West Papua Media EXCLUSIVE
December 18, 2012
An article – “UK ambassador visits Papua to counteract ‘false information’ spread by ‘certain groups’ in London” – that appeared in the usually accurate Bintang Papua outlet on December 14, contained much false reporting in the original Bahasa Indonesia version, according to both Papuan journalists and the spokesperson for the British Embassy in Jakarta.
The Bintang Papua article, written by journalist Makawaru Da Cunha, who uses only his initial “MDC,” reported that “The British Embassy to Indonesia has described the situation in Papua as ‘very peaceful and conducive’. It is quite different from the information being disseminated by certain groups to the British government.in London”.
However, according to the British embassy in Jakarta today, this statement was not made, nor was the staff officer identified in the article, Millie McDevitt, able to speak with the press.
West Papua Media has been in extensive contact today with the Media Unit at the UK Embassy in Jakarta to establish the veracity or otherwise of this reporting. A spokesperson for the UK Embassy in Jakarta told West Papua Media exclusively on Tuesday night:
“Mrs Millie McDevitt, political officer at the British Embassy, visited Papua last week as part of the British Embassy’s regular programme of Provincial visits. While there, she met a range of political and security representatives as well as the NGO and religious communities.
This follows on from the Ambassador’s own visit to Papua in September, when he wasted no opportunity with government, local government, military and police interlocutors to emphasise our hope that Papua will soon enjoy the same peace and prosperity as other parts of Indonesia.”
The spokesperson also said that the article “was littered with inaccuracies”.
Sources for West Papua Media who declined to be identified have claimed that the article, appearing in an outlet that is usually known for accurate reportage, was allegedly written by an Indonesian journalist in the pay of the Indonesian police. West Papua Media has not yet been able to check the veracity of this particular claim, however there has been extensive prior reporting on the involvement and interference of Indonesian security and intelligence agencies in newsrooms in West Papua.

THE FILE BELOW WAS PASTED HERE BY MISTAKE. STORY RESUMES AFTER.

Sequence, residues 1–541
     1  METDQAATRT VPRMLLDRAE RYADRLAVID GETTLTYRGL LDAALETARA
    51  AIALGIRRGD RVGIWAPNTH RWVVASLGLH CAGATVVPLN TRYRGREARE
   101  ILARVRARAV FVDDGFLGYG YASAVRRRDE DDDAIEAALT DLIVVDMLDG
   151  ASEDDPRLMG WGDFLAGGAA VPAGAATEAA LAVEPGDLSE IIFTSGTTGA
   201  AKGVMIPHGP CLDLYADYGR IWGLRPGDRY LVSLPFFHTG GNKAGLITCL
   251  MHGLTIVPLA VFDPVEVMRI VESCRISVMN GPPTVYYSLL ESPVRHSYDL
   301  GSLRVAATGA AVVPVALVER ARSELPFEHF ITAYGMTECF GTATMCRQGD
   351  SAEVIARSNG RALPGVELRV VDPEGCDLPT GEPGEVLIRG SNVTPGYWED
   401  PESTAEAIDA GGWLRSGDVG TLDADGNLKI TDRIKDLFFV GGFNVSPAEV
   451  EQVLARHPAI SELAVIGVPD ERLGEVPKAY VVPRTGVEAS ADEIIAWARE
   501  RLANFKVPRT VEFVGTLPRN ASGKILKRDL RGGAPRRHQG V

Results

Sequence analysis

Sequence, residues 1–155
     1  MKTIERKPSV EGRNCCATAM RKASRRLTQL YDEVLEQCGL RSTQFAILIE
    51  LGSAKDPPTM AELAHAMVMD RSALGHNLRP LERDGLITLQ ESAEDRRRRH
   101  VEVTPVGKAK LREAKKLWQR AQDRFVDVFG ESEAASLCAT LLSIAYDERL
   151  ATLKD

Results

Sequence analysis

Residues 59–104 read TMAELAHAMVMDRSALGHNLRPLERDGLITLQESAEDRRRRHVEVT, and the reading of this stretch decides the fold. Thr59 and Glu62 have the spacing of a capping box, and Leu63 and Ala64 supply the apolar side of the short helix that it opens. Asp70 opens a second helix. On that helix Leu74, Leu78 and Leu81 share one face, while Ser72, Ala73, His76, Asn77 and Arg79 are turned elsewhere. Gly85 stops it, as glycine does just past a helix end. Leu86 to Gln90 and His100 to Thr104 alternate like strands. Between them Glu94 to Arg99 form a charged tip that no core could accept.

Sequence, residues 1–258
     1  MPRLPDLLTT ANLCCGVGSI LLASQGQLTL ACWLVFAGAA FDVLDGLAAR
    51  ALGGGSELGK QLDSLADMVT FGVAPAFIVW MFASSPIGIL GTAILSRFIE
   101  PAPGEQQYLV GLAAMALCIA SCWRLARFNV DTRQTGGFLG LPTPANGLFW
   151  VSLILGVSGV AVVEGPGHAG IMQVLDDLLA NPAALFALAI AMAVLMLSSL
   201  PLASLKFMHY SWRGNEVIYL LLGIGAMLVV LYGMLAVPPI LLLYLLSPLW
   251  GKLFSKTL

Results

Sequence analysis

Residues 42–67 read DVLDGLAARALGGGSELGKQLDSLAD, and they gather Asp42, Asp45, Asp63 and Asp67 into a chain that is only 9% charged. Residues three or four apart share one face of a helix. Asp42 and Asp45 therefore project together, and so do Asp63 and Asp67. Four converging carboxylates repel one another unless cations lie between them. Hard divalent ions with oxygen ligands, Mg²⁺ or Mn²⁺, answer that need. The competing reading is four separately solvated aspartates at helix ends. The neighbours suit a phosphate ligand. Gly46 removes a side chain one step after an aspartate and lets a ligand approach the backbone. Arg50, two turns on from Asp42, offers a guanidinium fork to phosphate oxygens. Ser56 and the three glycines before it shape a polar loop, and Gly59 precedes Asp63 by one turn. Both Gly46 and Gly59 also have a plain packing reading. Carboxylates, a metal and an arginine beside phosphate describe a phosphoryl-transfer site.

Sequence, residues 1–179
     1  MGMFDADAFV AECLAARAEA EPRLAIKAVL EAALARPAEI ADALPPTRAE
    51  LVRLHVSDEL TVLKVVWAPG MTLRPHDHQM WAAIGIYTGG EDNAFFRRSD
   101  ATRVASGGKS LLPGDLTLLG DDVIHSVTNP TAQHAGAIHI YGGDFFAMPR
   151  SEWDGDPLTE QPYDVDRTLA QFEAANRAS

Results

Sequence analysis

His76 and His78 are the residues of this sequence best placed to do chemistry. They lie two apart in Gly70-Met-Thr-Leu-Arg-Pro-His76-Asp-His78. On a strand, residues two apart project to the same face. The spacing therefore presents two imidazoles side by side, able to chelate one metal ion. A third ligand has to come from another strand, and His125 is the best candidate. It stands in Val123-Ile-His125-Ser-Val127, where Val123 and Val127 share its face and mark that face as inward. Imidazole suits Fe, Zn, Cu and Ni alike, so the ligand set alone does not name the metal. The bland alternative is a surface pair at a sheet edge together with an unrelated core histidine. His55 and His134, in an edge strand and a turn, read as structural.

Numerous Papuan journalists today have raised concerns that this level of misreporting could significantly harm relations between the UK and Papuan people.
West Papua Media
More to come on this story
Original Bintang Papua Article:
Bintang Papua, 14 December 2012 The British Embassy to Indonesia has described the situation in Papua as ‘very peaceful and conducive’. It is quite different from the information being disseminated by certain groups to the British government.in London, she said .
The Special Staff of the British Embassy’s political section, Millie McDevit made these comments during a visit to the chief of police in Jayapura, Police Inspector-General Tito Karnavian on 13 December. Mrs McDevit said that she had made a special visit to the chief of police in order to get confirmation directly from him about information being spread by certain groups who allege that the situation in Papua is far from peaceful.
She went on to say that such information was being spread every time Papuans suffered discrimination by the Indonesian government, especially by the TNI – the army – and Polri, the police force. She said that after visiting a number of places especially in Jayapura, she could see that things were very different indeed from what is being conveyed to the British government.
‘It is nothing like what I expected to find when I first set foot in Papua,’ she said. ‘When people visit Northern Ireland, you can be questioned anywhere, but in Papua you can go out late at night without being disturbed in any way.’
She said that security and development are proceeding very well in Papua and she expressed support for what the police in Papua are doing to combat corruption because combating corruption is the best way to improve people’s welfare.
The police chief Tito Karnavian said that they had provided plenty of information to the Special Staff of the British Embassy’s political section in order to contradict all the negative information being spread about the situation in Papua. ‘She decided to come to Papua to check the information,’ he said.
Karnavian also said that they had asked the British government to provide the police in Papua with special equipment to check people’s DNA. At present, the police have to identify people involved in violence and shootings by checking the evidence outside Papua. ‘If we have the equipment to check people’s DNA, this will help to enhance the ‘supremacy of law’ here in Papua,; he said.
[Translated by TAPOL, corrected through WPM translators]
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